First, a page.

We know that during wet periods, excessive stormwater runoff erodes and degrades stream channels, and salmon eggs and juveniles may be swept away. Flooding and drainage problems occur, and our municipal stormwater systems may become overloaded, resulting in release of untreated sewage and other pollutants.
But why are we concerned about stormwater during a drought? In our April 2003 WaterTalk article, we talked about pre-spawn salmon mortality, which occurs in our urban streams when toxic stormwater runoff full of oil, grease, anti-freeze, pesticides, and other pollutants, kills salmon returning to spawn before they are able to do so. These pre-spawn fish kills occur following periods of drought when the toxins have built up on roadways and landscapes treated with chemicals. The first flush of these pollutants with the autumn rains carry the highest concentration of toxins. Rain gardens would capture a portion of this runoff, infiltrate it and help to remove toxins.
In addition, rain gardens provide a way in which residents can personally contribute to cleaner water, healthier fish and wildlife populations, and a more beautiful and functional environment. Though each rain garden seems small, collectively they would help to restore a portion of the land’s ability to hold or retain water to perform ecological services. For example, freshwater would be captured and infiltrated to recharge groundwater/drinking water supplies, to sustain vegetation and wildlife, and to provide adequate flows in streams during dry spells, which sustains fish and other aquatic life.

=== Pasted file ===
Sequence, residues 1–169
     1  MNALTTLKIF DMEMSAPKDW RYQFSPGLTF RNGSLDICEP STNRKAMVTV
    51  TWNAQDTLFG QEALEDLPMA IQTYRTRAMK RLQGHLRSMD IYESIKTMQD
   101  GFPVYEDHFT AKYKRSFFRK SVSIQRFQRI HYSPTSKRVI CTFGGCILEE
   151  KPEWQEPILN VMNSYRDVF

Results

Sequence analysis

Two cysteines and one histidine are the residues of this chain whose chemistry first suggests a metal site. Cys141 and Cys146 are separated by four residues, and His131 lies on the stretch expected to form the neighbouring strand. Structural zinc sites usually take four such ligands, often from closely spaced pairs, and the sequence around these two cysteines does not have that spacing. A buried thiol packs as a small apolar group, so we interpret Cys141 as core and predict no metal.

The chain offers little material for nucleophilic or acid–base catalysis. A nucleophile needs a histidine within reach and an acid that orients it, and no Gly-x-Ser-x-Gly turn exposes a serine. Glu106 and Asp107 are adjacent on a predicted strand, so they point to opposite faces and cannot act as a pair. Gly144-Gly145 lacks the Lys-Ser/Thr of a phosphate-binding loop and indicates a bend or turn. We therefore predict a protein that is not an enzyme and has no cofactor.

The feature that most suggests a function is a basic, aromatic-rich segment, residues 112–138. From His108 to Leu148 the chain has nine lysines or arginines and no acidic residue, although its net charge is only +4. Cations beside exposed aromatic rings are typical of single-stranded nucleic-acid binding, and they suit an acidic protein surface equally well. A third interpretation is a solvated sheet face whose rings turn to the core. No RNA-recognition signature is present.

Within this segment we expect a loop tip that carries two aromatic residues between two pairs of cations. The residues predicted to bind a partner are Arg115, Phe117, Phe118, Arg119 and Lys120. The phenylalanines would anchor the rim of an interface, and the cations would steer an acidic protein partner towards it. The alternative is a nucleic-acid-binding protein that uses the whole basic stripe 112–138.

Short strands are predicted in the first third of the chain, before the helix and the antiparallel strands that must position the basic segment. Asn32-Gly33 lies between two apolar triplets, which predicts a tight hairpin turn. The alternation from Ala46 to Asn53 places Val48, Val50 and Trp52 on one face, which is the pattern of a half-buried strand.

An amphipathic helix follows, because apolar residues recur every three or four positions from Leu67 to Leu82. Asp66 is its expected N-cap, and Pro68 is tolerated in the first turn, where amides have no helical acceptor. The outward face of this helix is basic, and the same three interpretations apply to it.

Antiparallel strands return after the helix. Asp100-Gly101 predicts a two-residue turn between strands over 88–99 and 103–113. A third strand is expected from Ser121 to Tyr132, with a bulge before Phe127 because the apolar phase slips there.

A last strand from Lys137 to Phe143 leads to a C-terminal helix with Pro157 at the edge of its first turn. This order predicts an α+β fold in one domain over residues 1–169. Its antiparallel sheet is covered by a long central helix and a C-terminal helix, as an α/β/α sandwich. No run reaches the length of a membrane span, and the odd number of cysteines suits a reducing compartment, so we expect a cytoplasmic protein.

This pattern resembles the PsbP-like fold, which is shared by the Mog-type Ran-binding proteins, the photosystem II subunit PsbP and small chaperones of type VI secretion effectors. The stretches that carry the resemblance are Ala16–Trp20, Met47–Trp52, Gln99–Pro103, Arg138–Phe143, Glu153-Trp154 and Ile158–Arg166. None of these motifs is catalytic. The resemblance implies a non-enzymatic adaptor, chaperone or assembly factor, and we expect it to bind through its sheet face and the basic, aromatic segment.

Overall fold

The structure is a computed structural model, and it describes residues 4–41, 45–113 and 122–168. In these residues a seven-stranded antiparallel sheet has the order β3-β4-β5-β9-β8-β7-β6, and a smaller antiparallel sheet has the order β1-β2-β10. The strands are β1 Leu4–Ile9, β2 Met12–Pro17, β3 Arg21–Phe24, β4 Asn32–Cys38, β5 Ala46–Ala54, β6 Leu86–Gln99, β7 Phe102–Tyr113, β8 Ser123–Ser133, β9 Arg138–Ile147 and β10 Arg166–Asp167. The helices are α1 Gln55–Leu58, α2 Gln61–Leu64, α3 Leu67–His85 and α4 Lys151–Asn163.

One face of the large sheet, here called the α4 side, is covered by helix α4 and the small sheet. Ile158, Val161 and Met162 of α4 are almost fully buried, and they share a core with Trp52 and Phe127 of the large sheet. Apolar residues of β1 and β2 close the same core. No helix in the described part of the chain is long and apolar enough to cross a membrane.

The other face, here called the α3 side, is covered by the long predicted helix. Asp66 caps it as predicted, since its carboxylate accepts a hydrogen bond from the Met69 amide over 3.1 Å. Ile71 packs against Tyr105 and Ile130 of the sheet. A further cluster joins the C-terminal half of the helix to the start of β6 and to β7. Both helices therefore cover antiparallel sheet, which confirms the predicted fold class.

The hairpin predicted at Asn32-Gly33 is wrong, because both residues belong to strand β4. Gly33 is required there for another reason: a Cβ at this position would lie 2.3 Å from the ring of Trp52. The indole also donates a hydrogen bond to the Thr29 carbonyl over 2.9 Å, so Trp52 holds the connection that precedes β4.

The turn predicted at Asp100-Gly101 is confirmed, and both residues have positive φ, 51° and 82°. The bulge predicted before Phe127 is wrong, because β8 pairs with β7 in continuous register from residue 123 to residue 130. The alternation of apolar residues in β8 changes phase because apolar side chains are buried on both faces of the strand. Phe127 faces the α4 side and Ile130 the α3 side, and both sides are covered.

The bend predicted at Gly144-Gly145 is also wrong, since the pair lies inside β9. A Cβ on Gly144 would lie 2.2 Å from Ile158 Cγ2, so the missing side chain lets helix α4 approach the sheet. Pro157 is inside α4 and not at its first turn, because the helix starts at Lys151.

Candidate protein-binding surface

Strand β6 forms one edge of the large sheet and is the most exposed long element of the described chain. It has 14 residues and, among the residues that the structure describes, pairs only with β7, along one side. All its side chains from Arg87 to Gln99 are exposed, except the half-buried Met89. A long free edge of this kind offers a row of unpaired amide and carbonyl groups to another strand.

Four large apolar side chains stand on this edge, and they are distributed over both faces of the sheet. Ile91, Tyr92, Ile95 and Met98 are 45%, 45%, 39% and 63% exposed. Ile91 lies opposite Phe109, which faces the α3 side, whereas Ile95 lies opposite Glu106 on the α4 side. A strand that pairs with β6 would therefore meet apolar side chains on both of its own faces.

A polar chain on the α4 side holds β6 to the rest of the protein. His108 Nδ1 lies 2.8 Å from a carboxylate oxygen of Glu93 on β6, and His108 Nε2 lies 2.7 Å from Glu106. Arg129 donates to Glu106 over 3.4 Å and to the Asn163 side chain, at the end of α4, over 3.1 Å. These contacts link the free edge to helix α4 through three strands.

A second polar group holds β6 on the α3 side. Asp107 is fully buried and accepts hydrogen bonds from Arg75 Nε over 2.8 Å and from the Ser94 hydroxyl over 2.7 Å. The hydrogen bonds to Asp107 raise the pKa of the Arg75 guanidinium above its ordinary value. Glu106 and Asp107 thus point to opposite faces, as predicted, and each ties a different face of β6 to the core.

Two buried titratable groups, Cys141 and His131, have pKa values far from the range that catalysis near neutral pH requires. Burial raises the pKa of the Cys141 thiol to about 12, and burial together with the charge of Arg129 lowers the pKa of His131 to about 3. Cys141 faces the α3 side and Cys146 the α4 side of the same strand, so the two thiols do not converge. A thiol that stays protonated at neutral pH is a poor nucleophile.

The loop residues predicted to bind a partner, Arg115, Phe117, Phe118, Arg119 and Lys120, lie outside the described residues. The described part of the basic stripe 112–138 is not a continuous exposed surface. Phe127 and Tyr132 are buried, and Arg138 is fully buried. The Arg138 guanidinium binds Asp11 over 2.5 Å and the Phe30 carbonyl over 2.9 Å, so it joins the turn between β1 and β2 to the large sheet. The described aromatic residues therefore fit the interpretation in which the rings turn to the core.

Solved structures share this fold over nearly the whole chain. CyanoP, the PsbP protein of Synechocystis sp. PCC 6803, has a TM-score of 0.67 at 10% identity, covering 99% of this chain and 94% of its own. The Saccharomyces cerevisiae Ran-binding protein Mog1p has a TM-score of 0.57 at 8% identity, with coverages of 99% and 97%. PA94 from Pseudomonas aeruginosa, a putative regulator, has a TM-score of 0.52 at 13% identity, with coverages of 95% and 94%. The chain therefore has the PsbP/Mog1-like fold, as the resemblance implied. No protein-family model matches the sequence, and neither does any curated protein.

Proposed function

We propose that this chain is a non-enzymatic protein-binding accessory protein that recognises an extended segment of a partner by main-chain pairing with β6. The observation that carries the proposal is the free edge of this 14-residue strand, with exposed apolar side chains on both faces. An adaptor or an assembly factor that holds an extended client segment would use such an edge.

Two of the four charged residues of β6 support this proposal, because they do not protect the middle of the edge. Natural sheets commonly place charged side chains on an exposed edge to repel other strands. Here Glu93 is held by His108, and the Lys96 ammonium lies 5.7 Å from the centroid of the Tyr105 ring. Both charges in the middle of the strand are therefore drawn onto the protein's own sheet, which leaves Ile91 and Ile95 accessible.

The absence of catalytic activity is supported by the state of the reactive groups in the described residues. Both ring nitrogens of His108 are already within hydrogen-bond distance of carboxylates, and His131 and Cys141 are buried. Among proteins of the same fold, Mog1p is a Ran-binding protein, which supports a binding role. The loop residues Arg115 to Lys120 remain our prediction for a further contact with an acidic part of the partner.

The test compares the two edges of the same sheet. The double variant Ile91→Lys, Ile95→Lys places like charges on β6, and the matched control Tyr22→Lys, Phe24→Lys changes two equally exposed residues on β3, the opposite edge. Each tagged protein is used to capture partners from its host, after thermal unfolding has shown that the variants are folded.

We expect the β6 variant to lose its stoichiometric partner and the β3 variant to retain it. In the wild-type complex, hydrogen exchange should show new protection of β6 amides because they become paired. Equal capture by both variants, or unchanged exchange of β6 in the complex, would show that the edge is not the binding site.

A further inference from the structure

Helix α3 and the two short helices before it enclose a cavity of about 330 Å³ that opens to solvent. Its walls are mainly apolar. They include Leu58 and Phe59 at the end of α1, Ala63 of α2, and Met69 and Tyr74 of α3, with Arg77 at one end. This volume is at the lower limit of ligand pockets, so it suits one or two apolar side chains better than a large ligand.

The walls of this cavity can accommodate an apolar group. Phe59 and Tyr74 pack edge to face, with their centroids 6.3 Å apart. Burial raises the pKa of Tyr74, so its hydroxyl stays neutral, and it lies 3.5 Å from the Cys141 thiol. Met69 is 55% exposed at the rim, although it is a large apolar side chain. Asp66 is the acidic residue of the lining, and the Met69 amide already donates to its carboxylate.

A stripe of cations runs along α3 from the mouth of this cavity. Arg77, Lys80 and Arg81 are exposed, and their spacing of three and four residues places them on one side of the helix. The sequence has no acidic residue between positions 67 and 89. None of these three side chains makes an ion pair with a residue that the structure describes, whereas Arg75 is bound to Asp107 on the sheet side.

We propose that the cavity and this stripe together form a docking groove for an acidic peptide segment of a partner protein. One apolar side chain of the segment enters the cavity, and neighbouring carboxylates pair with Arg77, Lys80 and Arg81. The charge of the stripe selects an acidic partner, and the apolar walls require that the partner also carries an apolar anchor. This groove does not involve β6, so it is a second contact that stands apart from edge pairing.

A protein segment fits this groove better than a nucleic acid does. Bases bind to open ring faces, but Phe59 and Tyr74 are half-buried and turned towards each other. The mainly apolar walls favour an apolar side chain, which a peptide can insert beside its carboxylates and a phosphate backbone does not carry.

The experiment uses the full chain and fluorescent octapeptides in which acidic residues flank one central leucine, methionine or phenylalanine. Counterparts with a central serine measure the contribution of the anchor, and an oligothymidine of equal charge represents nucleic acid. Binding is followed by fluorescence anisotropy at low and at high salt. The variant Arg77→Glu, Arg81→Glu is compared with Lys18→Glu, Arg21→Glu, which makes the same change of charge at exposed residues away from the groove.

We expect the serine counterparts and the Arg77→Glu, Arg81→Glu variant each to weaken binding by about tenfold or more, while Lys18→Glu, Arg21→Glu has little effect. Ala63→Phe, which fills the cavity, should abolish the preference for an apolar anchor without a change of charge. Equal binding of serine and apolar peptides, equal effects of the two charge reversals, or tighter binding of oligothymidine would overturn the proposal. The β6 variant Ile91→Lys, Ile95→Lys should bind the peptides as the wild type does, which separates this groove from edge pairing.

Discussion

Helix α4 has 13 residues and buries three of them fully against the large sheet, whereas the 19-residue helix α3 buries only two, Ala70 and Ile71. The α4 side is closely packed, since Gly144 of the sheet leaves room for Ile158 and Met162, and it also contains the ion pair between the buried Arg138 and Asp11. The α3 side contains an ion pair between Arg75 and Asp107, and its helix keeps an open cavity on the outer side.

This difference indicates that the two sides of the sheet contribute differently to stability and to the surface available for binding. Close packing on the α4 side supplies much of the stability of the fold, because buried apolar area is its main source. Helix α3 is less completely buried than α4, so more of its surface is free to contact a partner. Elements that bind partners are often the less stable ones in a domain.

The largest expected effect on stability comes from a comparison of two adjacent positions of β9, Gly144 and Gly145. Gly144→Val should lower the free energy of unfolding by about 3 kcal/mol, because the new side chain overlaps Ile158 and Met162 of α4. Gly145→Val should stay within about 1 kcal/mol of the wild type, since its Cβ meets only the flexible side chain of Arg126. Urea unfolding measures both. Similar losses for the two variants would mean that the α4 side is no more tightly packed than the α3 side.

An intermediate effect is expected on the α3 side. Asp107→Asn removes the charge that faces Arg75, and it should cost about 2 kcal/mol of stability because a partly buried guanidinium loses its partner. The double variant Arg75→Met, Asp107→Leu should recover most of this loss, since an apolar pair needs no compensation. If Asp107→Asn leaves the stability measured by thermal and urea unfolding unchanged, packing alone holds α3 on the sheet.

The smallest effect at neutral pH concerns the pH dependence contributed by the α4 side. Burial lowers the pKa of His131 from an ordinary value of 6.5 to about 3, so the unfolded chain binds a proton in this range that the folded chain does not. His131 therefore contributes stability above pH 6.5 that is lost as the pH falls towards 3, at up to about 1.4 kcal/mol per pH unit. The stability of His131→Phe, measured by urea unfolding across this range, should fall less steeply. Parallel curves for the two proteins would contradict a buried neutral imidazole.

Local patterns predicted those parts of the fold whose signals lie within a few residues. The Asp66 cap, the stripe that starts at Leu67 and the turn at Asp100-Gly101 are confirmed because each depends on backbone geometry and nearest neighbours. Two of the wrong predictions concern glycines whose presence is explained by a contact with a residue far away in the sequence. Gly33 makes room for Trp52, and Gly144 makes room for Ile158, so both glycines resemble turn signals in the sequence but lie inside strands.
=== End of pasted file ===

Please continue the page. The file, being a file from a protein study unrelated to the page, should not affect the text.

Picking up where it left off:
Rain gardens are a simple and attractive way to absorb stormwater, while providing habitat for birds, butterflies, and dragonflies, and enhancing the beauty of our homes, neighborhoods, and communities. Our Washington State University Cooperative Extension liaison, Sharon Collman, can provide instructions for how to construct rain gardens. Contact her at 206/553-0038, email@example.com. For more information about this and other aspects of beneficial landscaping, contact Elaine Somers at 206-553-2966, 1-800-424-4372, firstname.lastname@example.org, or visit our Beneficial Landscaping website at www.epa.gov/r10earth/bl.htm.